A reflection by Mary Lou Edgar for January 7, 2024.
I want to be better at something. That is what the whole idea of a new year means to me. But that idea is pretty common. Don’t I want to write something uncommon for you to read? But I keep coming back to the idea that I want to be better at something. So that’s what I’ll write about! Here goes….
As it has been for so many of you, last year was challenging for my family and our church. There have been so many changes, so many opportunities for growth.
In our church the Spirit and our incredible transition committee helped us find a new rector. Fr. Bimbi stayed with us as long as he could and did a great job helping us get ready for Fr. Patrick. Though it was a change, it has been a wonderful one. So many of our ministries keep growing and more people are coming to our church. Our First Friday Walks for Peace and Social Justice have attracted more people and more churches. I could go on but for now that seems to be enough.
In my youth, New Year’s Day was a day when my mother prepared pork and sauerkraut.
It was never my favorite, but it was legend in southwest Pennsylvania that if this was prepared on New Year’s Day, there was a guarantee of a good year. This belief may have been a tradition begun by pork farmers, but who knows. After I married, I told my husband of this custom and he joined in. Over the years, I perfected my recipe, and it seemed good. My kids never liked it, and two years ago, my daughter suggested I give up on my tradition; it didn’t seem to be bringing me good years.
As funny as that my sound, it gave me pause to think about what makes a good year. As a family, we have struggled with many health issues – some very serious. But we have survived and grown. Some of the growth has been hard and none of us love that. For me, I begin each new year by deciding on something I would like to improve. In 1983, my father died on New Year’s Eve. He had struggled with lung cancer and his death was painful and hard. I was angry. I felt he did not fight long or hard enough. I later learned he worked harder than any of us knew. He and I talked a lot the last six months of his life. He talked about forgiveness, but he mostly talked about how we have no control in life; must learn to live with it. As I grew in my faith, I came to see this. I wish I could say I have mastered that, but I have a long way to go.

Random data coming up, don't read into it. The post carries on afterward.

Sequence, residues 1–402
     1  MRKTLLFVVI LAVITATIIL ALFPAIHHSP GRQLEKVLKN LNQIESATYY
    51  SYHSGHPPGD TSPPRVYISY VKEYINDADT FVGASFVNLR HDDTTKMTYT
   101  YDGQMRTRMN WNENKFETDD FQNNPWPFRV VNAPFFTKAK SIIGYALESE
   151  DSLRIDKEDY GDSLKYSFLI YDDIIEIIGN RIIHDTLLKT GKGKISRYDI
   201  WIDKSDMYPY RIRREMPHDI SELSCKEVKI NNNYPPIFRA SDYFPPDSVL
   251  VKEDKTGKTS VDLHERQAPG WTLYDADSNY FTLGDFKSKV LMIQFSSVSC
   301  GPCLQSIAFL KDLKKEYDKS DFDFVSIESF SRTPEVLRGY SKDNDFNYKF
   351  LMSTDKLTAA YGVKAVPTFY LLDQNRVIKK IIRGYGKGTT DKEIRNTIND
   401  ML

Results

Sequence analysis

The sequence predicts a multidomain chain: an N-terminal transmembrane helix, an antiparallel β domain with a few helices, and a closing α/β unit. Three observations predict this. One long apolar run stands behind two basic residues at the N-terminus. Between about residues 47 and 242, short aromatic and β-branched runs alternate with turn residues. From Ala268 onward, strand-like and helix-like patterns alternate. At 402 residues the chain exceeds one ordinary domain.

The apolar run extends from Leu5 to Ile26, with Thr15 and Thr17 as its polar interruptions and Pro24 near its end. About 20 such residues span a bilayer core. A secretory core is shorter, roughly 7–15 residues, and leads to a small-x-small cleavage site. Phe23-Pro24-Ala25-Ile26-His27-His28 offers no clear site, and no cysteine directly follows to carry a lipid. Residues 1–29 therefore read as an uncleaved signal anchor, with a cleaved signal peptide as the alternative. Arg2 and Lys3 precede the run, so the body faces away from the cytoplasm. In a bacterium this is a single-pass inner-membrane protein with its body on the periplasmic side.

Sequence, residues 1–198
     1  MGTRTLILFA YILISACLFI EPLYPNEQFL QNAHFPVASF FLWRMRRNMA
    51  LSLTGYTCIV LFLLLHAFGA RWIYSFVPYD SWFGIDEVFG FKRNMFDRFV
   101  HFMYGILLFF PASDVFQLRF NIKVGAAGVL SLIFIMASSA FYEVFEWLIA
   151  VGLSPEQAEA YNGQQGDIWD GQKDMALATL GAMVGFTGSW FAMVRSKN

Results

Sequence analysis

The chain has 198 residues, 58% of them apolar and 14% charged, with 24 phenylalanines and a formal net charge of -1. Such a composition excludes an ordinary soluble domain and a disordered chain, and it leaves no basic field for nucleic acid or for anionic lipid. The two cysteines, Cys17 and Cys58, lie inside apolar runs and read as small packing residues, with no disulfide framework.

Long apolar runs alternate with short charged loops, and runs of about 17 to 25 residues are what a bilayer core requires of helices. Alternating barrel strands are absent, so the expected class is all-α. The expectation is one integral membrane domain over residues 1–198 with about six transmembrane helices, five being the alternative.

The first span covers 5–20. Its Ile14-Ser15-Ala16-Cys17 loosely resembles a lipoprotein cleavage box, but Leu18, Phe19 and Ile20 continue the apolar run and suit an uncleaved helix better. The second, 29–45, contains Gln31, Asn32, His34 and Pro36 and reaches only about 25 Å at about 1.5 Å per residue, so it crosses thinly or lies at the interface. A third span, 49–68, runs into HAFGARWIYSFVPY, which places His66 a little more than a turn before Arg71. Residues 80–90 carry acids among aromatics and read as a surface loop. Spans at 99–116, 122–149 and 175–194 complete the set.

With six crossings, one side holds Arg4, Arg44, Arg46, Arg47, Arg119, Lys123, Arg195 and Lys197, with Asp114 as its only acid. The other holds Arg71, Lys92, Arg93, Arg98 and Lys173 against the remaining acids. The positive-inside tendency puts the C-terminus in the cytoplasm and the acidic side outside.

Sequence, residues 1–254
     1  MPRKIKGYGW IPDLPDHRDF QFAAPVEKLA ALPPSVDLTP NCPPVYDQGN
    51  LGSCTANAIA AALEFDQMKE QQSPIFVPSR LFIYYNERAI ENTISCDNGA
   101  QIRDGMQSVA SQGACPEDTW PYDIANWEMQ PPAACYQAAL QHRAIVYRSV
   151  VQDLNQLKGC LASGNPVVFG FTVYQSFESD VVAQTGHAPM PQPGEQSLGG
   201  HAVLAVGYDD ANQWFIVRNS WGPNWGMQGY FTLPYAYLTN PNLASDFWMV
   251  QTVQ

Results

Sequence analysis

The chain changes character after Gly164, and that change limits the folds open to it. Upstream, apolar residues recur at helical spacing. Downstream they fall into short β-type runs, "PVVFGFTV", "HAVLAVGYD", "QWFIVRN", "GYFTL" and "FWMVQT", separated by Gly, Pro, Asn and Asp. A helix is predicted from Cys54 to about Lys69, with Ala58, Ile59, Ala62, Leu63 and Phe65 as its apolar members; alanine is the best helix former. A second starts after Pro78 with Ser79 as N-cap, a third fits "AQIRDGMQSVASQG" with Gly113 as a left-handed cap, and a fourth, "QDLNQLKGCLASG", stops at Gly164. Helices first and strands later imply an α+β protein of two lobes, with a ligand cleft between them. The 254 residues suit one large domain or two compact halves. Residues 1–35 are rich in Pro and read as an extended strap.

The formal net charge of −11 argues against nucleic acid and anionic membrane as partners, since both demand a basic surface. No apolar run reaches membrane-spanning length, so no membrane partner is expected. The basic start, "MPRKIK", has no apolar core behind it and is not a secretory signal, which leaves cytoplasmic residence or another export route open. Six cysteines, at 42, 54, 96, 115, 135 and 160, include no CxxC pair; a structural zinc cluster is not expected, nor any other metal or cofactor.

What I have learned is that I have a great support system.
I have Jesus Christ to lean on. I feel He understands my quiet desperation and not being about to “make it all right.” I know my Heavenly Father loves me, making me feel secure and cherished. And the Holy Spirit guides me and allows me to mess up and learn from what I do. You see, I still think I know best!
I know too many of the last few years of our family’s life have been difficult but we have learned what it means to be loved unconditionally. Not always among ourselves, but by God. I find myself when I’m meditating, turning to my need to control and must get back on track. I know it is important to me, and I know I must work harder each year – my children have grown up. Illness, poor choices, distance from one another, and death together with many other things surround us. And yet each evening I pray with gratitude for the day I have lived. I see how I have been loved and having that love helps me much more than any amount of control.
Each day I learn more about trust. So, I begin 2024 with my continuous journey to give up having all the control. Maybe one day, it will be as easy as letting go of pork and sauerkraut. Who knows!
Happy New Year everyone!
“Faith does not require perfection, but consistent belief that God is in control, and we are to live in accordance to His will. A life of faith is lived in believing the promises of God to be true and believing in them when we are uncertain.”
ABOUT THE AUTHOR: Mary Lou Edgar, MSS, is a clinical social worker who founded A Better Chance for Our Children, an adoption and foster care agency that works to find permanent homes for children in the foster care system. Mary Lou was the Executive Director of ABCFOC, but she is now retired. She graduated from Neumann University and Bryn Mawr School of Social Work and Social Research. She and her husband joined SsAM in 2021.